Jesus told the man that he had answered wisely and that he wasn’t far from the Kingdom of God, for the man had told Jesus that the two greatest commandments were more important than all of the sacrifices.
The tide begins to turn in this battle, and Jesus is poised to take the offensive and He has one more observation for His disciples that will just about put the day into context.
Parallel Texts: Matthew 22:41-46; Luke 20:41-44
On that fateful Tuesday, Jesus has fought off three waves of attack from Jewish authorities who each peppered Him with questions designed to entrap Him into a mistake they could use as a pretense to arrest and kill Him. Now, Jesus moves to counter-attack.
His opening round comes in the form of a question in verse 35: “Why do the teachers of the law say that the Messiah is the son of David?
To be fair, the teachers of the law were not wrong about the Messiah being the son of David in the sense that Messiah would clearly be of the House of David, the royal house of Israel, the house of kings. So, while they were technically correct as legalists usually are, they missed the larger point that Messiah would also be the Son of God, here on earth to establish an entirely new kind of kingdom; one that is not of this world at all.
David himself, speaking by the Holy Spirit, declared:
“‘The Lord said to my Lord:
“Sit at my right hand
until I put your enemies
under your feet.”’
Mark 12:36; c.f. Psalm 110:1
Take careful notice, dear reader of this statement of Jesus, for many in our time seem to miss its ultimate significance. Jesus is making the point that David himself in the Psalm refers to this Messiah as “lord” and the son is not the lord over his father; it’s the other way around under the Law (Honor your father and mother). Therefore, the Messiah is not merely of the clan of David, because He is also the Son of God, and being God’s Son entirely supersedes the fact that He is of the House of David.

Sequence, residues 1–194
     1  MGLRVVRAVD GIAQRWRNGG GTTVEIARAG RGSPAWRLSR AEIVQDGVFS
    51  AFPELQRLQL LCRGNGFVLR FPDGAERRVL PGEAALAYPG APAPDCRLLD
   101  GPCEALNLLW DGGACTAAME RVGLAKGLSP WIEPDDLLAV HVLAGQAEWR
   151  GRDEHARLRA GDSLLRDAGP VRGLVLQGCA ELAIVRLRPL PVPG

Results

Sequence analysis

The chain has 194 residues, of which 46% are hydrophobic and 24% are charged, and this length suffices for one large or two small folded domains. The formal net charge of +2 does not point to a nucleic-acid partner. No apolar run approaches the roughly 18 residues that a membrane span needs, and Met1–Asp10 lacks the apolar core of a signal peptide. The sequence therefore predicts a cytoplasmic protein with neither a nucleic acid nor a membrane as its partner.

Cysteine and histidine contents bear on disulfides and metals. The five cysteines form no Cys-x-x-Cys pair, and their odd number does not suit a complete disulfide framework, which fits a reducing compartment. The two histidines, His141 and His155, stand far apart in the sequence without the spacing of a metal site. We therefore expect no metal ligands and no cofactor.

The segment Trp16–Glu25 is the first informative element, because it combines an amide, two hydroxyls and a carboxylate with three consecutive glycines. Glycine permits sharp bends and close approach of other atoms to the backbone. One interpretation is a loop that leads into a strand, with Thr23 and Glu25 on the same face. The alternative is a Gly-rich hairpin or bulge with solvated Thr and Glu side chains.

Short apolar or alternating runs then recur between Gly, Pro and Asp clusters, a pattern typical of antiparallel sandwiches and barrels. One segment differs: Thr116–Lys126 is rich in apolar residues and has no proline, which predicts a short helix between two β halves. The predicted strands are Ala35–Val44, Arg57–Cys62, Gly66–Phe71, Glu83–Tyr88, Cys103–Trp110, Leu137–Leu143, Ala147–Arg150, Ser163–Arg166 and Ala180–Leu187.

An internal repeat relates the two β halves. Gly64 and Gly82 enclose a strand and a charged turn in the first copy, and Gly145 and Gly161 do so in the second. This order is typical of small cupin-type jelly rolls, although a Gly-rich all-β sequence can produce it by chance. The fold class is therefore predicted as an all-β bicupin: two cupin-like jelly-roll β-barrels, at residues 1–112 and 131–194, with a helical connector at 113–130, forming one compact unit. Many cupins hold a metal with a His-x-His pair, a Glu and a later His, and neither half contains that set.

Here’s an example of this relationship: Suppose the president had a son who was also a brigadier general. Everyone calls the son “general” and he receives the honor and respect of that rank. If a brigadier general walks up to the southwest gate of the White House, and his name is not on the guest list, he is turned away. If the son of the president walks up to the gate, he is always admitted because he is the president’s son, for being the president’s son supersedes his military rank when it comes to access to the president. So also does the fact that Jesus is the Son of God supersede his rank in the House of David.